The Truth About Wi-Fi Dead Zones – Even Google Project Fi Recognizes They’re a Thing

 In Blogs & Bloggers

By Ira Stern, MOBOLIZE | Senior Director, Solutions Engineering

When a key leader of the industry recognizes the Wi-Fi dead zone problem, one has to admit dead zones are real. The recently introduced Google Project Fi Enhanced Network says users “get fewer connection interruptions by more quickly connecting to mobile data when Wi-Fi is poor.”

Those “connection interruptions” – that’s a dead zone. A place where the Wi-Fi network doesn’t release from Wi-Fi and switch to the cellular network, leaving users frustrated with an unresponsive internet connection.

But let’s get to the truths about how Google Project Fi handles dead zones versus Mobolize.

Google Fi says, “In our testing, we’ve reduced the time without a working connection by up to 40 percent,” and “Get fewer connection interruptions by more quickly connecting to mobile data when Wi-Fi is poor.”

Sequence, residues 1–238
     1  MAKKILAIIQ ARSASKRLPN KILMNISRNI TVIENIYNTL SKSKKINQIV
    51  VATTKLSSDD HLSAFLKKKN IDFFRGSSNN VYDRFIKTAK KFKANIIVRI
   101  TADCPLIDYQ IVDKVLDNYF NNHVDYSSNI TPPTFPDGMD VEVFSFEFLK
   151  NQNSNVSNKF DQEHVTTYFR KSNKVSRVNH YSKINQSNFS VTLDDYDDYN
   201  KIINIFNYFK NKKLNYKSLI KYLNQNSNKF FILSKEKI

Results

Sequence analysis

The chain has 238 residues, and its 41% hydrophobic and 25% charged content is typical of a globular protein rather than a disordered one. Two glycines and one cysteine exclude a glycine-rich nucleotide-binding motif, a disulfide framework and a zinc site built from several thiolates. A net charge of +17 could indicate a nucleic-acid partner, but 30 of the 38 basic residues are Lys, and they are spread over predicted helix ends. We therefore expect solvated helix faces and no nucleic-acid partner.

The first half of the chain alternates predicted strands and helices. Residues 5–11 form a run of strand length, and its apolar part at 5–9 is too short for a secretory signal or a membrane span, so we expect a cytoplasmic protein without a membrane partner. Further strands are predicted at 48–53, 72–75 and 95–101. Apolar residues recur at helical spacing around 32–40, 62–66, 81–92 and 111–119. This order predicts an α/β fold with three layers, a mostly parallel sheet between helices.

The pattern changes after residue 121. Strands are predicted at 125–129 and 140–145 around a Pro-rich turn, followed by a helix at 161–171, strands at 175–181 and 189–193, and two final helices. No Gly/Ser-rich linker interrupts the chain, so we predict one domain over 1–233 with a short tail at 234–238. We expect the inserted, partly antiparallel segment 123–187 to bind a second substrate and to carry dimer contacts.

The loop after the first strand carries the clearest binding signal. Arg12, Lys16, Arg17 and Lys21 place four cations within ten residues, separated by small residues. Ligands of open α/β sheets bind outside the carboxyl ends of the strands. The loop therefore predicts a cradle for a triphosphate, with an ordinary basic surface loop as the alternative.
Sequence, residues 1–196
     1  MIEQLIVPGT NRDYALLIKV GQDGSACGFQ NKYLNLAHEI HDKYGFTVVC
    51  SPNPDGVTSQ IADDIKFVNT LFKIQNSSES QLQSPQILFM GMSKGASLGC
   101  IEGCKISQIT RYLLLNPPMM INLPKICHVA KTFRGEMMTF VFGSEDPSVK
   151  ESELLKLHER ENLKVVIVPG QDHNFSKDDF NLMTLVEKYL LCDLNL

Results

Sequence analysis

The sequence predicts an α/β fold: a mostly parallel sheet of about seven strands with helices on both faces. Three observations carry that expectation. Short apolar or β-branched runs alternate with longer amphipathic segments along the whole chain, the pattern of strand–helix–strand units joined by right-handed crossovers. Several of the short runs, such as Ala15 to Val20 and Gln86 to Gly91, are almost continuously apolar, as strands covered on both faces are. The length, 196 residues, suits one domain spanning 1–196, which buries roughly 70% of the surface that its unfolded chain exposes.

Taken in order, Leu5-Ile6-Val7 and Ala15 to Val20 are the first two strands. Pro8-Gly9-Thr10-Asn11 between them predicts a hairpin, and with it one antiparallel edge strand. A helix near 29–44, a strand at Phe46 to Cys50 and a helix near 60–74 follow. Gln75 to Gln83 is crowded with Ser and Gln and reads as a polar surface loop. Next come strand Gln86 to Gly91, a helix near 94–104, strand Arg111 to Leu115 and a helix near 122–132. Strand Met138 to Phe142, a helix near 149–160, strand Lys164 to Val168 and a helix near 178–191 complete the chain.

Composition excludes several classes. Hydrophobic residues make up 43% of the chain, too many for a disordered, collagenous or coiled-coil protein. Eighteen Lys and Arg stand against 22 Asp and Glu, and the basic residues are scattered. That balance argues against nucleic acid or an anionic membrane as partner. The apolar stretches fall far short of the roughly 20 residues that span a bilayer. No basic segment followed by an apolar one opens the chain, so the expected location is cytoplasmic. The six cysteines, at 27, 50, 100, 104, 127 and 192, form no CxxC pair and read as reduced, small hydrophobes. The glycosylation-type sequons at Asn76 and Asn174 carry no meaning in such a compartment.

This indicates Google Fi simply steers traffic away to cellular when Wi-Fi is bad, before the Wi-Fi is disassociated (that’s the 40 percent.) While it’s a good start, it doesn’t prevent hangs in web browsing or apps because 60 percent of the time the user’s traffic goes out over bad Wi-Fi which will hang about a minute before it times out.

Hello dead zone. That’s a minute needed to call an Uber/Lyft outside a hotel, but there’s no response. Or a minute delay in downloading a GPS map when you’re in a hurry.

Our MOBOLIZE | Bond product address this with our patent pending technology which reduces the time of poor connections by more than 90 percent. That means users will almost never experience hangs or dead zones, versus encountering them over half the time. We do it by having our software resident on the device with the ability to seamlessly and smoothly manage the Wi-Fi and cellular radios. Bond knows when the Wi-Fi is slowing down or deemed bad and begins routing to the cellular network. Taking users out of dead zones results in better connections and a better user experience.

The good news is that Google Fi is helping build awareness of the Wi-Fi dead zone problem. Dead zones are real. Users experience them all the time. They may not know what to call them, but they tend to blame their operator for the poor connection because no one will blame Starbucks.

I’m collecting dead zone stories from mobile industry leaders. If you have ever experienced a dead zone or experience one in the future, I would like to hear your dead zone tale. Please send me your story at

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